After the Referendum we must now do something about what remains of our fishing industry. It’s time to reflect on the devastating impact of the EU and how to revive the industry along with fishing stocks…
An island surrounded by sea, at a latitude and with sea conditions that offer optimal conditions for the reproduction and management of fish should have a thriving fishing industry, able to feed its own people and to trade with the rest of the world.
Instead we are a net importer of fish. EU commissioners, influenced by the lobbyists maintained in Brussels by the large aquaculture capitalists, have fixed the size of quotas under the EU’s Common Fisheries Policy (CFP). Trawlermen and inshore fishermen have lost out to the behemoths like Marine Harvest, the Norwegian-owned giant that dominates Scotland’s £630 million salmon farming industry.
When Edward Heath signed Britain up to the Common Market in 1973, he surrendered the 200-mile or median point fishing limit enshrined in international law, and misled parliament about transitional arrangements. In fact, though Heath was careful to avoid mentioning it, Brussels had already arrived at a position on fisheries – that they were a “common resource” to which all member states should have access, even, absurdly, those with no coastline. Heath settled for exclusive fishing rights inside a six-mile limit and partial control of a six- to twelve-mile limit but only for ten years, which could only be renewed by unanimous agreement of every member state.
The effect on our fishing fleet was catastrophic. House of Commons Library figures show that the home fishing fleet, from a high point in 1948 of about 13,300 vessels, now consists of 6,383. In 1973 we were landing a million tonnes of fish; since then, landings have been in steady decline, and in 2009 were around 0.4 million tonnes, the lowest in any years outside the two world wars.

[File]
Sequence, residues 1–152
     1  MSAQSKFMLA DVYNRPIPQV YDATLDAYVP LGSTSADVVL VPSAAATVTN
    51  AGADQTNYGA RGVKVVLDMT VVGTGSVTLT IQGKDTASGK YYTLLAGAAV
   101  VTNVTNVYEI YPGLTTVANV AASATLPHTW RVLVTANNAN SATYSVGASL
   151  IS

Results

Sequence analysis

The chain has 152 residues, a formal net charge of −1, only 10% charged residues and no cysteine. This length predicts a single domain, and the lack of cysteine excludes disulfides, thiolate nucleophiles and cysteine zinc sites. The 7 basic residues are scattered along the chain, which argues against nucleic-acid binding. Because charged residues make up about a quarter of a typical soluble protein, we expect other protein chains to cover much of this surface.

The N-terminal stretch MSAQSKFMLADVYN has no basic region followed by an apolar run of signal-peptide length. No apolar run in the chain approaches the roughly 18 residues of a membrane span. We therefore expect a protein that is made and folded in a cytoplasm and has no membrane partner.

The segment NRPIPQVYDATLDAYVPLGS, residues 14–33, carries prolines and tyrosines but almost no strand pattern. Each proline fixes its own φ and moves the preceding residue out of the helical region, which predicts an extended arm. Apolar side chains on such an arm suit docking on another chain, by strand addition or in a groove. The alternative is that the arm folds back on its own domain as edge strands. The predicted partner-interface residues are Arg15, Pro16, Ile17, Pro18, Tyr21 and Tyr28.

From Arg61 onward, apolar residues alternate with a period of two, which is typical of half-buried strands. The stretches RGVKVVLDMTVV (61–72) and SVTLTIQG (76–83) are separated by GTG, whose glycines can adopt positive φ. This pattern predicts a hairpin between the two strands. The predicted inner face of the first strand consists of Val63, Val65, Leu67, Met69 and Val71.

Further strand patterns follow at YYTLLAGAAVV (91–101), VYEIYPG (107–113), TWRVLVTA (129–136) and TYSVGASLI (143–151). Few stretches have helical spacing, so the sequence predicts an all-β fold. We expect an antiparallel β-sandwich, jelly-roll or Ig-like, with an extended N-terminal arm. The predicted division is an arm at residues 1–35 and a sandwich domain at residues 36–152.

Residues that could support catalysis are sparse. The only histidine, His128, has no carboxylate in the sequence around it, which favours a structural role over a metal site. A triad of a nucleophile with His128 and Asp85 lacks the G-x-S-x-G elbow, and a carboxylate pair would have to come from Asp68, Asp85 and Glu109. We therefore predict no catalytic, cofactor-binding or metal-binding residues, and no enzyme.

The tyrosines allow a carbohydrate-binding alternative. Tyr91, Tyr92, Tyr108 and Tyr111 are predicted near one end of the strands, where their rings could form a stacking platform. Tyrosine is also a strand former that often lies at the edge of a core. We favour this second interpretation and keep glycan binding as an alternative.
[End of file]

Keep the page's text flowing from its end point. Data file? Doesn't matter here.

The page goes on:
In 1984 we went from being a net exporter to a net importer of fish. The number of fishermen fell by around 43 per cent between 1994 and 2014. Boats were scrapped or turned into leisure craft. By contrast, the EU provided grants to subsidise boat-building in other countries.
After the ten years had elapsed, there was a free-for-all in British waters. Fish stocks were badly damaged by rapacious over-fishing by foreign fleets, especially the Spanish. Some Spanish skippers bought British boats in order to bypass any attempts at regulation.
The government, forced by a vigorous campaign by fishermen, passed the Merchant Shipping Act 1988, which required all ships landing catches in British ports to be at least 75 per cent British owned. Then a Spanish company, Factortame Ltd, brought a case against Britain claiming that this was contrary to EU law.
After the usual legal to-ing and fro-ing the European Court of Justice backed the company. The British government had to pay damages of over £100 million. The House of Lords then ruled that British legislation was subordinate to EU law.
Each year the EU Council of Ministers sets a Total Allowable Catch for each fish stock and fishing area based on guidance from the Advisory Committee of the International Council for the Exploration of the Sea. This is then allocated as quotas to member states in accordance with fixed percentages based on historic fishing rights.